Readers Speak Out On Maryland's Education Ranking

January 17, 2009

So Maryland schools rank No. 1 ("Maryland schools rank 1st in nation in analysis by 'Education Week,'" Jan. 7). We should be proud of that, but I would claim that a grade of B is not enough. We should have an A. So how do we get one?

School systems need to support children and public education by listening to the teachers. They can also pay more, recruit teachers from the better colleges of education, insist that colleges provide full-year internships as opposed to student teaching, provide mentors and more planning time or instructional assistants to new teachers, and offer meaningful professional development for all teachers.

In addition to better base salaries and salary increases based on years of service, schools could also offer teachers incentives based on professional accomplishments, outstanding relative progress for students and teaching in tougher schools.

Parents can help by checking their children's homework, reading letters that come home with the students, attending PTA meetings or at the very least allowing nothing to prevent their children from attending school and doing their homework.

Administrators can support teachers by not micromanaging them but instead allowing teachers to discover their children and how they learn and to tailor their lessons to the needs of their classes.

Taxpayers can support teachers by insisting that county and city administrations not waste money on pet projects and repetitive work.

Taxpayers can also do their civic and patriotic duty to pay their taxes and demand that if any programs must be cut, it must never be their children's education.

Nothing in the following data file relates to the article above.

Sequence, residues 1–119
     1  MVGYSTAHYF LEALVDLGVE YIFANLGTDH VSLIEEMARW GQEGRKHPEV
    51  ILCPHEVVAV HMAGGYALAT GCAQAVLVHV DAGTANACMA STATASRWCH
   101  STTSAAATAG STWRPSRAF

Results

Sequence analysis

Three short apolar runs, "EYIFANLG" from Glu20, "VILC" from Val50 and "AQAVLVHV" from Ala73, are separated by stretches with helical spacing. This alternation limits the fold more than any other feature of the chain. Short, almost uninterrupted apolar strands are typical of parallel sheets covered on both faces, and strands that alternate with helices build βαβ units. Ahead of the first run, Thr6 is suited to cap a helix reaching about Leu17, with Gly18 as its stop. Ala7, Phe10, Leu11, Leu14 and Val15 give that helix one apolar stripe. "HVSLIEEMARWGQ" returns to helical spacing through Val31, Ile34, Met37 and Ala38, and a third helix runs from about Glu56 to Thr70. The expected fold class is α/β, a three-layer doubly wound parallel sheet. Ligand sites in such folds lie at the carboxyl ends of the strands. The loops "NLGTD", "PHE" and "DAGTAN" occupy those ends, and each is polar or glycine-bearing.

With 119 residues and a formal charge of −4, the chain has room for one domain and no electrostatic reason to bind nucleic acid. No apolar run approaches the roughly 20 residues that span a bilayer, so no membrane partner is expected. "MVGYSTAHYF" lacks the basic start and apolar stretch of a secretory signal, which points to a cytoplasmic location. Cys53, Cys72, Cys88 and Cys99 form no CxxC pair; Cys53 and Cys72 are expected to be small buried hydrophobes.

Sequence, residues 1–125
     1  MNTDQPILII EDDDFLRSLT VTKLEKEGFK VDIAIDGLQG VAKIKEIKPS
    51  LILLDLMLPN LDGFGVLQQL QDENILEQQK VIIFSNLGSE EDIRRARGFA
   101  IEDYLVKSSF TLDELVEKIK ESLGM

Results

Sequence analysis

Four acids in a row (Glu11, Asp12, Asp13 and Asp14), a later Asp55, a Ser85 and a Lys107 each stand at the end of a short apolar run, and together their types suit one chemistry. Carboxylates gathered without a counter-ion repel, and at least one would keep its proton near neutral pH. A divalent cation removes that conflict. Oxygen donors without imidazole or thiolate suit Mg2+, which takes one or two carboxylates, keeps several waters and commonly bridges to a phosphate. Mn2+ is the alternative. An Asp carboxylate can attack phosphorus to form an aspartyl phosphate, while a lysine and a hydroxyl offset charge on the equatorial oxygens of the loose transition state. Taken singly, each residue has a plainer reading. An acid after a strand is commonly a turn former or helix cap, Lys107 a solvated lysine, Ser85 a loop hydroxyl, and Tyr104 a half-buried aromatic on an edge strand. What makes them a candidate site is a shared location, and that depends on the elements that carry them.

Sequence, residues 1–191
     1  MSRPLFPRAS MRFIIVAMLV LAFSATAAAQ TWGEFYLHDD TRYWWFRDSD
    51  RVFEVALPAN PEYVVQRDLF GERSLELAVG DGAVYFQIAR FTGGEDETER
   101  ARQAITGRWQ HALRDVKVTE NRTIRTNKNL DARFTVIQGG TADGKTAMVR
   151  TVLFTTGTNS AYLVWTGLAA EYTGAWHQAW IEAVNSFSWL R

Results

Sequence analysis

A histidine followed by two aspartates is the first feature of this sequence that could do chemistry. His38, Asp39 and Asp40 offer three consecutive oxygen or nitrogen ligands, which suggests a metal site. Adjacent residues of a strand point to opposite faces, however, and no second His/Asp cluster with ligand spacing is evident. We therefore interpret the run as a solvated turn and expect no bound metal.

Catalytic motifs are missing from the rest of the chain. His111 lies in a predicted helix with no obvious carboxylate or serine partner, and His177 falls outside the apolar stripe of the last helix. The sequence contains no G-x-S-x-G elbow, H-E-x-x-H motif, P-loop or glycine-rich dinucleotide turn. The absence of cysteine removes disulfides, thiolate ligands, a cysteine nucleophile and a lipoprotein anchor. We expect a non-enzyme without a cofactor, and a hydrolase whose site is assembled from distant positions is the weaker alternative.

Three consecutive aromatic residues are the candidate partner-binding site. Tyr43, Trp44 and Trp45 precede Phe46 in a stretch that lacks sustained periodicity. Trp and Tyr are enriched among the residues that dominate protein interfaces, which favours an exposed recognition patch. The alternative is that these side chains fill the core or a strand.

Kevin-Douglas G. Olive, Baltimore

The writer is an instructor in French at Sudbrook Magnet Middle School.

I completely agree with the editorial "Report card on Maryland schools" (Jan. 8), which rightly acknowledges that while Maryland has made a firm commitment to education through the Thornton law that increased funding schools, there is still work to be done.

A recent report from the Maryland State Department of Education acknowledges that there have been statistically proven gains in student achievement as a result of the increased funding schools received from 2002 through 2008.

The gains made possible through the Thornton law are now threatened as the state works to resolve its budget deficit by, in effect, cutting education spending though flat school funding for fiscal years 2009 and 2010 and by cutting funding for the so-called geographic cost index for education.

This index for additional state funding for certain school districts, including those in Baltimore and Baltimore County, is meant to provide additional dollars in part to help recruit and keep teachers, one of the areas that Maryland received a C on in the Education Week report.

Clearly, if we want to continue our progress, we have to keep our investments strong and our commitments firm.

Sue Fothergill, Baltimore

The writer is president of an education consulting firm.

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